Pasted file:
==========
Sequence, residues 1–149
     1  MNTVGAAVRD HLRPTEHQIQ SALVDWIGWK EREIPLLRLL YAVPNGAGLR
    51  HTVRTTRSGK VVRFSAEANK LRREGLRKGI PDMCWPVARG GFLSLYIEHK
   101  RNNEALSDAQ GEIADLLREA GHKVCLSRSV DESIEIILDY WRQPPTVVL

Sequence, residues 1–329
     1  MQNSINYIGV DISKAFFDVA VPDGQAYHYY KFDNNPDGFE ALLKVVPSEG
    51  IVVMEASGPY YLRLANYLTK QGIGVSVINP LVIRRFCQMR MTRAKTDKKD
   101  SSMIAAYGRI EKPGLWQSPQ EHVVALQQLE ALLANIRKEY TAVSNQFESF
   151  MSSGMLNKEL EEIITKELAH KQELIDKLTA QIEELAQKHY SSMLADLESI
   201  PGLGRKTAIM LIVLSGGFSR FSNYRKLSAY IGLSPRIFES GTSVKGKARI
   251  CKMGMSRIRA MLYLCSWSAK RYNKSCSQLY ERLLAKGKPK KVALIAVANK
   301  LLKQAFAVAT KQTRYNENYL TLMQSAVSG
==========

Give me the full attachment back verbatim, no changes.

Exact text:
Sequence, residues 1–149
     1  MNTVGAAVRD HLRPTEHQIQ SALVDWIGWK EREIPLLRLL YAVPNGAGLR
    51  HTVRTTRSGK VVRFSAEANK LRREGLRKGI PDMCWPVARG GFLSLYIEHK
   101  RNNEALSDAQ GEIADLLREA GHKVCLSRSV DESIEIILDY WRQPPTVVL

Sequence, residues 1–329
     1  MQNSINYIGV DISKAFFDVA VPDGQAYHYY KFDNNPDGFE ALLKVVPSEG
    51  IVVMEASGPY YLRLANYLTK QGIGVSVINP LVIRRFCQMR MTRAKTDKKD
   101  SSMIAAYGRI EKPGLWQSPQ EHVVALQQLE ALLANIRKEY TAVSNQFESF
   151  MSSGMLNKEL EEIITKELAH KQELIDKLTA QIEELAQKHY SSMLADLESI
   201  PGLGRKTAIM LIVLSGGFSR FSNYRKLSAY IGLSPRIFES GTSVKGKARI
   251  CKMGMSRIRA MLYLCSWSAK RYNKSCSQLY ERLLAKGKPK KVALIAVANK
   301  LLKQAFAVAT KQTRYNENYL TLMQSAVSG